In our media training workshops, we stress the importance of taking control of an interview from the beginning. This is done by thanking the interviewer for the invitation to speak, expressing empathy when appropriate and immediately launching into clear, concise messages that you have planned to deliver.

We found an excellent example of this approach in a CNN interview with Lt. Gen. Scott Spellmon, the commander of the U.S. Army Corps of Engineers. The general was interviewed in the wake of the collapse of the Francis Scott Key Bridge in Baltimore after it was hit by a cargo ship. Spellmon came to the interview knowing precisely what he wanted to say and what messages he wanted to deliver to a national television audience.

In the clip below, he confidently explains the Corps role in clearing the debris and re-opening the channel to maritime traffic.

Right from the start, it’s clear Spellmon had a game plan. He immediately expressed empathy over the loss of life and then took the audience step-by-step through the clean-up process. The general’s vocal tone and his body language, including his gestures and eye contact with the interviewer, displayed an energy that added to his credibility.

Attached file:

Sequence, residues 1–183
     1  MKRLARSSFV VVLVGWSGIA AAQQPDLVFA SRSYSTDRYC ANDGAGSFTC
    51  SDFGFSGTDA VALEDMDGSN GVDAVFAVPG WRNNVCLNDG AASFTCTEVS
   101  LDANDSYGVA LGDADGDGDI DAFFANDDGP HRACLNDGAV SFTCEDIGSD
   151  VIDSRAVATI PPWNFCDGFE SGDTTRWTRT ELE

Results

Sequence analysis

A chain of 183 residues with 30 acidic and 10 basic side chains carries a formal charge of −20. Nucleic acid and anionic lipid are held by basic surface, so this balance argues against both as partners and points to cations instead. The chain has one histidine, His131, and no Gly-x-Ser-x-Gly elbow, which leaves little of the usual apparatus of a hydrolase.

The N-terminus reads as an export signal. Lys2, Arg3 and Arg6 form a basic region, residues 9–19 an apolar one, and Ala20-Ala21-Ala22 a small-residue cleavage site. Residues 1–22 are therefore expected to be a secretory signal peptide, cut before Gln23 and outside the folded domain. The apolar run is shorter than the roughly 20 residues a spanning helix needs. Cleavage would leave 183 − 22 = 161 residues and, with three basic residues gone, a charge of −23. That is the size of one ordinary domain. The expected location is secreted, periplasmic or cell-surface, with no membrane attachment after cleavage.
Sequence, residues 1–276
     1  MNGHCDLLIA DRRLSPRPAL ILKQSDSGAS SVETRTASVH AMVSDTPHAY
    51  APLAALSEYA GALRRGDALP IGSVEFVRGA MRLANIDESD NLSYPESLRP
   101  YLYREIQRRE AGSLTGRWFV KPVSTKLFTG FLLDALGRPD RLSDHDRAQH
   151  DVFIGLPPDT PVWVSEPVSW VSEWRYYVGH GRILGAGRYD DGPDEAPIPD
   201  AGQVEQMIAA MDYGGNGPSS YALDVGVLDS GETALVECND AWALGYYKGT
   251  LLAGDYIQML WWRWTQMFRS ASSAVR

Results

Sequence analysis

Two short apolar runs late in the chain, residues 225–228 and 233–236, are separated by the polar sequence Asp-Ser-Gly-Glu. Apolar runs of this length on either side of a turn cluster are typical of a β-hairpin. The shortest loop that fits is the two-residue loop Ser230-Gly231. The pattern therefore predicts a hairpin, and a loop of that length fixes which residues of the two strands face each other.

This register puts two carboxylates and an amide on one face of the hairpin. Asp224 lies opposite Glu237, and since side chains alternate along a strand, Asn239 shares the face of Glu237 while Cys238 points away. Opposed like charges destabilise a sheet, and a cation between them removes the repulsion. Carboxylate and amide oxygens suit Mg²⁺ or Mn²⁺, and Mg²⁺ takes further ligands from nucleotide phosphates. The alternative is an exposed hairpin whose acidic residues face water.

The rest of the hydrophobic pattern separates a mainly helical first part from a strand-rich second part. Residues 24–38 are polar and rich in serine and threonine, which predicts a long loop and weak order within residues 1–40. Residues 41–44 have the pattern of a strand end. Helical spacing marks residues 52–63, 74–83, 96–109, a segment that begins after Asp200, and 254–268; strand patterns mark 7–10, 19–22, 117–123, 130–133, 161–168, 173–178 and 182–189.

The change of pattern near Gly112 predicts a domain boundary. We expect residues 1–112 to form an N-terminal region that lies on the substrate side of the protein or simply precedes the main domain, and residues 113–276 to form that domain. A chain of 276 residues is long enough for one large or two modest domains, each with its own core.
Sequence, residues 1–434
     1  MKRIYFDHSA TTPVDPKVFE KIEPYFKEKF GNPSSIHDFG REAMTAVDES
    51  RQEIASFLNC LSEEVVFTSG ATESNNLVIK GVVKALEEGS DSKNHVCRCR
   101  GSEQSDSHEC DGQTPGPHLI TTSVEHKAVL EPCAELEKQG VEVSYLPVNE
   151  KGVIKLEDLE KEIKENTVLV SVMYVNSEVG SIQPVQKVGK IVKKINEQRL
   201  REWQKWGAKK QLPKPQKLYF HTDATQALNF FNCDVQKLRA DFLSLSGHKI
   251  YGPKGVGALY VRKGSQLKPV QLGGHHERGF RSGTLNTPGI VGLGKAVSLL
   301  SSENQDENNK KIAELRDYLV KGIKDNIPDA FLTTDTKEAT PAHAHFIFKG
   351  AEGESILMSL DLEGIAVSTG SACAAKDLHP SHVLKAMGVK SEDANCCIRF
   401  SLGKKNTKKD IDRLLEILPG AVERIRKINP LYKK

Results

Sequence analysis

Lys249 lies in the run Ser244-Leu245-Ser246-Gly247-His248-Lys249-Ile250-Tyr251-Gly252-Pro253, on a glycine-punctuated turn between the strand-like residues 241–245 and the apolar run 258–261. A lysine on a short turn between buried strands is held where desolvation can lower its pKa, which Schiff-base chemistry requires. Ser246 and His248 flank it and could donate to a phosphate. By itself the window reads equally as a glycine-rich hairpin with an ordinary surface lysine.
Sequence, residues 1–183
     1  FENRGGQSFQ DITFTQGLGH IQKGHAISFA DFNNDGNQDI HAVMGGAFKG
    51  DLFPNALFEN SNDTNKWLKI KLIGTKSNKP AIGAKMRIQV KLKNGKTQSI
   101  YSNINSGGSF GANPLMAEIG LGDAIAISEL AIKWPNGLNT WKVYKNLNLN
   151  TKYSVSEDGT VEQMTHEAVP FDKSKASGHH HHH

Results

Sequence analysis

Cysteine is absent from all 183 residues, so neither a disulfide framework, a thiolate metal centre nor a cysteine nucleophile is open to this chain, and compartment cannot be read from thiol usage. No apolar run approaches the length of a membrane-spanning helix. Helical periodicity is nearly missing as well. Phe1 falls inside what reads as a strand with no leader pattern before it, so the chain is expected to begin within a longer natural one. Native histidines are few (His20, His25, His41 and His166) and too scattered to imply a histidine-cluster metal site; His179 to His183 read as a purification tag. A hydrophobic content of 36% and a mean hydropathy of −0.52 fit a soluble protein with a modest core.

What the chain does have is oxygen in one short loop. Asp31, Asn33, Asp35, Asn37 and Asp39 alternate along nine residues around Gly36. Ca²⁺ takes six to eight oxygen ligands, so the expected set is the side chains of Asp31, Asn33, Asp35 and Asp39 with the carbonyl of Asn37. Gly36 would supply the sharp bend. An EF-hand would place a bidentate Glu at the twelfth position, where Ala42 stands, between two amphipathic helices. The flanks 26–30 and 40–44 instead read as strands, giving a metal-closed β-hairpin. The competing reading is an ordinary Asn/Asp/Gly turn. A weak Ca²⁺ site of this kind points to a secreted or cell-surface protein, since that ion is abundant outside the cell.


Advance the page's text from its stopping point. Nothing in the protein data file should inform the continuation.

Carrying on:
Spellmon was then asked how long the entire process would take. It was a perfectly legitimate question, but he refused to take the bait. The general declined to speculate, an approach we highly recommend. He knew that setting a deadline to complete the clean-up would put unnecessary pressure on the Corps and lead to criticism if it failed to meet it.

The general controlled this interview with authority and compassion. It’s a blueprint for you to follow during any kind of media encounter.